Gather close Interwebs, I have a secret to tell you: Broadduses suck at relationships. I know, I know, but it’s true. I’ll use myself as an example ad not toss my siblings under a bus. My wife and I dated over a two year period before we got married. That is to say, the length of time we dated covered a two year span. The problem was that over that that time, the longest we dated for any stretch before our engagement was two weeks. (In fact, as not to stress ourselves, our engagement was only about six weeks long.)

All relationships have to find their own course, but had my wife come to be for counseling and laid out the specifics of her/our relationship, I’d have told her to run. Actually, many of her friends advised her to do exactly that (but, well, sometimes there’s just no talking any sense into her and every April 1st I’m sure she thinks “I should’ve run.”)

Why would I have said run?

Obviously something in the dynamic of the relationship abhorred stability. There was an element of fear at play that needed to be rooted out. Maybe an inability to commit that caused the trigger-happy party in the relationship to either break up, drive her away, or otherwise sabotage the relationship. Unless it was addressed, and people are loathe to deal with their own issues, it would haunt the relationship.

Continuity is important in a relationship. You learn about each other and a lot of information can slip through the cracks when you’re always breaking up when things get tough or inconvenient.

On the flip side, there are some positives.

The relationship breaks can give time to process and come to terms with a few things. To get at the root cause of that fear requires introspection, intense reflection, and time. Applying the brakes slows things down, allowing the scared party to get their head around the concept of a partnership, a relationship, and commitment.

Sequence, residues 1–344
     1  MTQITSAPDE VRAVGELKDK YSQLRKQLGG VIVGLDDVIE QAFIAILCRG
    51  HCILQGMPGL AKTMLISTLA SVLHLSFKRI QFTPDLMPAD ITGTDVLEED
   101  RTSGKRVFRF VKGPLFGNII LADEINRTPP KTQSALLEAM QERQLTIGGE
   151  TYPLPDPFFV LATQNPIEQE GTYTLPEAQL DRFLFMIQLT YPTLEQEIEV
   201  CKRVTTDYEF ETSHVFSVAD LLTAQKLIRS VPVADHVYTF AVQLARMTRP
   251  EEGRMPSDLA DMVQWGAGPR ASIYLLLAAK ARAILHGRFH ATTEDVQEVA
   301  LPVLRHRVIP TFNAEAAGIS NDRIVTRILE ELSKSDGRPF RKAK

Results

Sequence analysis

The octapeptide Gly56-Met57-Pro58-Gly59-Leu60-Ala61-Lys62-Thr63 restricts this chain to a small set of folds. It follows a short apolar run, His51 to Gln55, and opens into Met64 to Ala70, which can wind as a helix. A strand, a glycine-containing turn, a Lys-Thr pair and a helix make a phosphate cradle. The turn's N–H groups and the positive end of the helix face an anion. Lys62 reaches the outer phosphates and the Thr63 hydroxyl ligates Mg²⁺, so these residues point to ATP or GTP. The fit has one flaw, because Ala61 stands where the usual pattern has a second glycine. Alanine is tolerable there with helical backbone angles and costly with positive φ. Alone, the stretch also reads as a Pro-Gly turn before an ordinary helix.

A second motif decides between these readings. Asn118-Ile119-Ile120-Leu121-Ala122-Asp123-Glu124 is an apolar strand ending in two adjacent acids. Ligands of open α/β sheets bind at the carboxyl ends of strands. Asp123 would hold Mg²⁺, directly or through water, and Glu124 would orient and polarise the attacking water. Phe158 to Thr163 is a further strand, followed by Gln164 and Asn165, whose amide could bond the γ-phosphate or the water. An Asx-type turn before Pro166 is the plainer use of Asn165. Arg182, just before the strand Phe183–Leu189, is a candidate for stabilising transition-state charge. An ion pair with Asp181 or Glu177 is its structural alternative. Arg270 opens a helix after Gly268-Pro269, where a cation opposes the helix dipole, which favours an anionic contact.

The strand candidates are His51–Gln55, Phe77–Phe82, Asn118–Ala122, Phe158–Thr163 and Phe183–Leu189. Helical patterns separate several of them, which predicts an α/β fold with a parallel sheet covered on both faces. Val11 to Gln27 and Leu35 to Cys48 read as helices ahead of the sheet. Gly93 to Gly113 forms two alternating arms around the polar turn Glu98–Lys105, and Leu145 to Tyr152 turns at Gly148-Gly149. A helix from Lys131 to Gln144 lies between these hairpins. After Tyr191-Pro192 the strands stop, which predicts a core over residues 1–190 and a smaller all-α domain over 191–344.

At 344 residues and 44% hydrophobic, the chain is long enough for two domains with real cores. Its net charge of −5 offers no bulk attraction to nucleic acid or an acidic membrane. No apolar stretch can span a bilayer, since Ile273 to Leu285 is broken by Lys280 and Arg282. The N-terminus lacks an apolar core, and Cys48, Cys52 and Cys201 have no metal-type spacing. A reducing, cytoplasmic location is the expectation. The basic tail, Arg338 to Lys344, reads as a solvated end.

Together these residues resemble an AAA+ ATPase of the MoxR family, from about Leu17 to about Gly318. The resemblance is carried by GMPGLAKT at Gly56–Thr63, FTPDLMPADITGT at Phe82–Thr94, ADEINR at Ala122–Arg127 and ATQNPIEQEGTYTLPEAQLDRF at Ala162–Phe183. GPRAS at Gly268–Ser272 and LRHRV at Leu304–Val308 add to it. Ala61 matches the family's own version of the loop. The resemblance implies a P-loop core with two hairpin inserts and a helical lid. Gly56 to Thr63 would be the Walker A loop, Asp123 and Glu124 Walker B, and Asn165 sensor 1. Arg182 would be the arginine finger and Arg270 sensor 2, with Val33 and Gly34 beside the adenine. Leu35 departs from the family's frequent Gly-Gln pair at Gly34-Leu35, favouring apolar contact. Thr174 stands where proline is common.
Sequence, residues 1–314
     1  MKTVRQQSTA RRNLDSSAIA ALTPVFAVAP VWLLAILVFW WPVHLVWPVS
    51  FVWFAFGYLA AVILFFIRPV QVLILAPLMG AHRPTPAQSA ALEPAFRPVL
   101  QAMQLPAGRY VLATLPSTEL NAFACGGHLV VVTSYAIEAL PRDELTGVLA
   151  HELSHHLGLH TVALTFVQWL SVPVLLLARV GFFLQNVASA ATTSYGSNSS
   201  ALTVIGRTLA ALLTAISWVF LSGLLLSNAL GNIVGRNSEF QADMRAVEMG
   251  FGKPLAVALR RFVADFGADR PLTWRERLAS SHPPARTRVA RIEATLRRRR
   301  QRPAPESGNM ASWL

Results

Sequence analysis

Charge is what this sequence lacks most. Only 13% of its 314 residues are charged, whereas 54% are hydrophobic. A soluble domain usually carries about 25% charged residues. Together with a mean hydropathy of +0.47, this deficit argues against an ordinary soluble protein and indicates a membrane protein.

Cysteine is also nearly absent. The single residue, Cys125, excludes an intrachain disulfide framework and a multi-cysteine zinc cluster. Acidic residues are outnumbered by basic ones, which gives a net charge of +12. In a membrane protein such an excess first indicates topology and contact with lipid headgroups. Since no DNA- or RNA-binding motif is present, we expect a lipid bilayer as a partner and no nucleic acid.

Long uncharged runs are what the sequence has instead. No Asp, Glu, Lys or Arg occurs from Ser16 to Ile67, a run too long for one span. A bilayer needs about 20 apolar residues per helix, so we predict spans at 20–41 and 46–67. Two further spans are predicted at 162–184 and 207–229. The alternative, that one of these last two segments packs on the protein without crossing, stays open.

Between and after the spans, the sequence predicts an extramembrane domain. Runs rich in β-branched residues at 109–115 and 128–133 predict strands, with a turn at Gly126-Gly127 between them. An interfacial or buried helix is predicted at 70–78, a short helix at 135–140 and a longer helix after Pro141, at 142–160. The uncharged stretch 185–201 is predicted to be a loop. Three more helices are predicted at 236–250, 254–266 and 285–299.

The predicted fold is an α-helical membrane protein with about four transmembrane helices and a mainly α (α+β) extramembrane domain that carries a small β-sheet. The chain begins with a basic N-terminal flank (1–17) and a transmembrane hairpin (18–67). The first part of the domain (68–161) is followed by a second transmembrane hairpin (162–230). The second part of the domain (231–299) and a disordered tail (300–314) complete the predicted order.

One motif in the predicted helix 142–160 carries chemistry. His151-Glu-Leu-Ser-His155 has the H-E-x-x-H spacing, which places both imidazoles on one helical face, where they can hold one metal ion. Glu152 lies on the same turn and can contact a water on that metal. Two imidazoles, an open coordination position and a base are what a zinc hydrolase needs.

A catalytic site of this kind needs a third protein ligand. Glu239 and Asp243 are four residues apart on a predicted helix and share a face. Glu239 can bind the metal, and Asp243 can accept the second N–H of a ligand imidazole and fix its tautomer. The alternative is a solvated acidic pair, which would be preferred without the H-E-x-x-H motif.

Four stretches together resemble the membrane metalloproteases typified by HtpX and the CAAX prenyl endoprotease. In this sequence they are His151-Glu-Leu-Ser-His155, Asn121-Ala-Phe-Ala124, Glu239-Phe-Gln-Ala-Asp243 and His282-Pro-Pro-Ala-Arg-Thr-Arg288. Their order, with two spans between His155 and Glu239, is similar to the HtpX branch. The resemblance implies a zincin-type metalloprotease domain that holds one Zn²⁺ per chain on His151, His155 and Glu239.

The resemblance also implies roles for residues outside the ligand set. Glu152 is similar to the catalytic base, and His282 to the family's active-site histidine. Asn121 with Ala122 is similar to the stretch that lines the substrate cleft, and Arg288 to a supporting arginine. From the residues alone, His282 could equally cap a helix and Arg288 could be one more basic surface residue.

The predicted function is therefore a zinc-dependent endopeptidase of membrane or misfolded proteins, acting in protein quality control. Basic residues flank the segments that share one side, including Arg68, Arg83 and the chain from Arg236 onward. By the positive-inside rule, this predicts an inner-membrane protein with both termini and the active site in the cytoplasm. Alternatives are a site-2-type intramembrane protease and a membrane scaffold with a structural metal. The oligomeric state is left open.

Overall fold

The on gain/off again nature of a relationship comes with its own stressors:

-trust. It’s hard to establish stability when the trust is rocked every few weeks. It’s hard to rest comfortably in the relationship when you fear it will all go to crap at any minute. It drains the fun out of being in a relationship and increases the sense of drama. Imagine your attitude at the prospect of crossing a bridge prone to collapsing.

-break ups. Even at their best, break ups aren’t easy to navigate and “survive”. The things that first attracted you to that person are still present, and it’s easy to fall back into that routine and established comfort levels. You have to remember that the things that drove you apart are also there. To continue to jump back in is the equivalent of ripping the Band Aid from a wound that hasn’t been allowed to heal.

-resolutions. In marriage, you don’t have the luxury of solving your problems by breaking up. (Well, you do, but it costs you half your stuff. I may have fear of commitment issues, but I love my comic book and DVD collection, too). Regardless, running away is not real conducive to the health of a relationship. The process of facing your fears together and resolving conflicts together builds trust, dependence, communication, and coping skills, all of which will come in handy later.

I look back and marvel that the two of us ever got together. Was the on again/off again a necessary part of our journey. Probably (he rationalizes knowing that despite 8 years of marriage, my wife still acts likes she’s suffering from post traumatic stress any time someone brings up our dating history). I wasn’t even close to being in a place to settle down, but when the right person comes along, and won’t wait around forever for you to get your act together, the paradigm shift in thinking and behavior can be an abrupt and ugly process.

If the on again/off again can be seen as one, or both, of you working your way toward, or through, something, and the person is worth the pain of the process (and let me tell you, I am PURE JOY!!!), then go with God. Do what you need to do. Otherwise … run!!!

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